Sub Dean - Canon Michael Rawson
For two and a half weeks we have been blessed by our Lent Art Installation, Pilgrimage; the work of the very talented artist Michelle Rumney
If you haven’t had chance to spend time encountering and savouring the installation then please do so after the service. During medieval times there was a custom of measuring to the saint. This involved having a piece of string, measured from your feet to your head which was then made into a candle and would burn for your eternal soul at a nearby abbey or cathedral. To celebrate the 850 anniversary of the martyrdom of St Thomas Becket, Michelle measured 850 people here and at Canterbury. The twelve candles burning before the altar are made to the measurements of twelve people involved in pilgrimage. One is of Thomas Becket himself and another of our own much loved and much missed sister Marion Marples. Marion worked tirelessly to promote pilgrimage in general and pilgrimage to Canterbury and Santiago de Compostella in particular. The majority of the measuring of the saints twine were then tied together to form the veiling in front of the altar. This tying together reminds us of our interdependence and connectedness as human beings and as fellow pilgrims on the way. We are connected with one another through time and eternity. On the suspended white sheets is traced the map of the pilgrim’s way here from Southwark to Canterbury Cathedral.
In addition to the traditional custom of veiling altar during Lent, the notion of pilgrimage resonates clearly with our journey through Lent from Ash Wednesday through to Holy Week and the celebration of Christ’s passion, death and resurrection.
Our first bible reading today takes us into the midst of the Exodus, of the people of Israel journeying in the desert. Although they were on a journey from slavery to freedom, they spent much of their time moaning and speaking against God and Moses; ‘there is no food and water, and we detest this miserable food.’ They got their just desserts for the Lord sent poisonous snakes among them. Moses’ response was to pray for the people and the Lord relented. They looked at the staff with the snake and they lived. The means of death became for them the journey to life and health.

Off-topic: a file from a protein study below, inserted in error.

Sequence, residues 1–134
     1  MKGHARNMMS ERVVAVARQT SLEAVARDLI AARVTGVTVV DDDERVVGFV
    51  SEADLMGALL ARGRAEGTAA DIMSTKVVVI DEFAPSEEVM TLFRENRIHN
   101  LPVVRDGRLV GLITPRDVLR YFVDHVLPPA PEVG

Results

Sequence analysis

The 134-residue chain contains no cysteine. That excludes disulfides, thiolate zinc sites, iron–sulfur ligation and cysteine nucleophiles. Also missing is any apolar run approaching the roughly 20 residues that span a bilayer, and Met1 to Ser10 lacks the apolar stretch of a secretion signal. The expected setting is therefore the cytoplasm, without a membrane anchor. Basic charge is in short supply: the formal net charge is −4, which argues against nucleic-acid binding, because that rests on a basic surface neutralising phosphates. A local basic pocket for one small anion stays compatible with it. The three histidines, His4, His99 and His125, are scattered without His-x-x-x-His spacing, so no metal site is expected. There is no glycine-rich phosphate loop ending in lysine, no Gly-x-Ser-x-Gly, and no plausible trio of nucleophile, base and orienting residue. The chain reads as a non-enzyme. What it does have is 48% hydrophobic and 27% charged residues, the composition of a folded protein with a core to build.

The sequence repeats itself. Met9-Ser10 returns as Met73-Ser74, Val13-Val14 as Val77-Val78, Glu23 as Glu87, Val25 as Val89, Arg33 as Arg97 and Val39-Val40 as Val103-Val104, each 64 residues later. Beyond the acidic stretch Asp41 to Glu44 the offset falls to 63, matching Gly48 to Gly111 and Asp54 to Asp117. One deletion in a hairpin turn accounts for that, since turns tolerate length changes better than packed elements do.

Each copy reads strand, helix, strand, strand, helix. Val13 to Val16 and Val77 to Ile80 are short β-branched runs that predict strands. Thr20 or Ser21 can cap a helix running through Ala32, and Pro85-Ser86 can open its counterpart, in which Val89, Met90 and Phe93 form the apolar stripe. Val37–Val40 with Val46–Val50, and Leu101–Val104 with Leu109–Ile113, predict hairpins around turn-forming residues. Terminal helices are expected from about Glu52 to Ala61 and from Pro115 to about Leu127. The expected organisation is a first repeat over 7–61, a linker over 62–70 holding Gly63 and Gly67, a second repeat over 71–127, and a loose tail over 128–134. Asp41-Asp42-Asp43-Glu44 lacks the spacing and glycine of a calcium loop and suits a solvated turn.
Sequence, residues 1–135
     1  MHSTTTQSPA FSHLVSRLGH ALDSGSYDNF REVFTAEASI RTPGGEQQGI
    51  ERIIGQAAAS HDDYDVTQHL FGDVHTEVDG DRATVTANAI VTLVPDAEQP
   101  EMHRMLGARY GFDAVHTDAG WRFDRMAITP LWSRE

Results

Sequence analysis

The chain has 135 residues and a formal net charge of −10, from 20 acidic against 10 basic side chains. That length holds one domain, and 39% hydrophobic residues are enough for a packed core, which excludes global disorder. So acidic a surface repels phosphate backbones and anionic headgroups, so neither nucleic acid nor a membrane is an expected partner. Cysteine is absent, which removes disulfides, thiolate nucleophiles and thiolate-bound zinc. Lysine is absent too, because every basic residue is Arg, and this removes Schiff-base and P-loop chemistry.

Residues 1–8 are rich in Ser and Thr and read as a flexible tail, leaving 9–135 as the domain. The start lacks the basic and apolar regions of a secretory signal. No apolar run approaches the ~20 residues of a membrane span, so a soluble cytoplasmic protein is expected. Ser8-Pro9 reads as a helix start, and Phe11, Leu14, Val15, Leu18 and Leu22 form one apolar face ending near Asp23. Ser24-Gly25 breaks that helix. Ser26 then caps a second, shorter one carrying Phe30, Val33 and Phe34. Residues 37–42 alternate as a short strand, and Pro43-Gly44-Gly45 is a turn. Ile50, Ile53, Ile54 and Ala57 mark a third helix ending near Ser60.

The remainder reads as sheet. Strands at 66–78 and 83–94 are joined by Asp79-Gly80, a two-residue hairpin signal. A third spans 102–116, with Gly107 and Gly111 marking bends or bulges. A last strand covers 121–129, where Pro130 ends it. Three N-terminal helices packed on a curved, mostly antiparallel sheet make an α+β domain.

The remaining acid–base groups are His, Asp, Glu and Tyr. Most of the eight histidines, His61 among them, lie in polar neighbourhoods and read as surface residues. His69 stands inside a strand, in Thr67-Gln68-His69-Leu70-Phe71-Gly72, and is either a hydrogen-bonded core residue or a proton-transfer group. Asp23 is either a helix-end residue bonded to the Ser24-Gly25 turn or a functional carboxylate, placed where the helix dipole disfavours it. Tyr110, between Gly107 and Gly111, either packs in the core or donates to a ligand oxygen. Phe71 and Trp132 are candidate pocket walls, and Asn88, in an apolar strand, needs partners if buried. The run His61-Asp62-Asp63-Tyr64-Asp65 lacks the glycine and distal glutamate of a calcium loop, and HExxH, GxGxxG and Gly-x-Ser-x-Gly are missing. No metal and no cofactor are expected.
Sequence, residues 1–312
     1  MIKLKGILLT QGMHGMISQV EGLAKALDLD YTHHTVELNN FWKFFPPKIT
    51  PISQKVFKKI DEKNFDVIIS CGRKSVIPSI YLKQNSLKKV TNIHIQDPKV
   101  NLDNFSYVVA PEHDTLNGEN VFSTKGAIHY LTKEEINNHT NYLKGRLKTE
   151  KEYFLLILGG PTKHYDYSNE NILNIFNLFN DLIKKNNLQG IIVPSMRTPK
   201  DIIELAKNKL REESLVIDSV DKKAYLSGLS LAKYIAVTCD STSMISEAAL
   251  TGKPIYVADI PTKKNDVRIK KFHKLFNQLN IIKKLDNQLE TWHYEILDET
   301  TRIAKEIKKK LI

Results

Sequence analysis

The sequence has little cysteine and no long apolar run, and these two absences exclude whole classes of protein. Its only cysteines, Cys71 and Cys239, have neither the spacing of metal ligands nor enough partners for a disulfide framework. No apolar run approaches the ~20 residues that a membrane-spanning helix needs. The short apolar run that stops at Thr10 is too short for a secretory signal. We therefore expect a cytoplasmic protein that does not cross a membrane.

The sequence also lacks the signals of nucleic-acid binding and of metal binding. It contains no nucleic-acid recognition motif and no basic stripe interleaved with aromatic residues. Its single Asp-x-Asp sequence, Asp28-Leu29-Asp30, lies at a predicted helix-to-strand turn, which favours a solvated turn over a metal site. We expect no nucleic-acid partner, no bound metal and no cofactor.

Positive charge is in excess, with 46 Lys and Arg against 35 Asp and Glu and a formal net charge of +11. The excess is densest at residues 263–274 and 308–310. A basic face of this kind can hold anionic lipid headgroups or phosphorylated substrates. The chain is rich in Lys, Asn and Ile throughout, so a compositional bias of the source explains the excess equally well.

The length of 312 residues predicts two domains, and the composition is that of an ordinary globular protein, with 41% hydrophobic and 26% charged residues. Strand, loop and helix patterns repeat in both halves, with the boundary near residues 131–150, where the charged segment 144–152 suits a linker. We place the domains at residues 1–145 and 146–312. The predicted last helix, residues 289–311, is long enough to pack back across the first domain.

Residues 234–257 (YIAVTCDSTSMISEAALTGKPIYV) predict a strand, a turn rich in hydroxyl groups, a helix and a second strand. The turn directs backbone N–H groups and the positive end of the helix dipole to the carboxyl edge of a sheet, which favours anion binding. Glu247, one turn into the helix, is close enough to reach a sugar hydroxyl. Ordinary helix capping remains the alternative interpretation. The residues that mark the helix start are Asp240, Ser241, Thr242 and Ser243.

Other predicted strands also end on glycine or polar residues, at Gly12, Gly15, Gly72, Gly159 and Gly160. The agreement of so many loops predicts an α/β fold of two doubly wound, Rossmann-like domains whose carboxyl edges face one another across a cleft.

A similar message comes from Jesus in our second reading, when he urges his followers, and urges us, to take up the cross and follow him on the journey to life and hope. I walked the Pilgrims’ Way from here to Canterbury in the summer of 2018 and one of the things that Marion suggested was that we carry everything we needed on our backs. There was to be no chance of sending luggage in advance. Her advice echoes that of Jesus when he says that ‘none of you can be my disciple if you do not give up all your possessions.’ Carrying your life on your back soon helps you to realise what you need – what are the essentials – and what is nice to have but you can live without. The weight of the essentials means that you very soon jettison the nice to haves and the things that so easily possess us.
As we gaze on this thought-provoking art, mulling over the words of scripture that we have just heard, we are challenged to look at our lives and ponder what is truly of value and will last to eternal life and what we might let go of on our pilgrimage through life.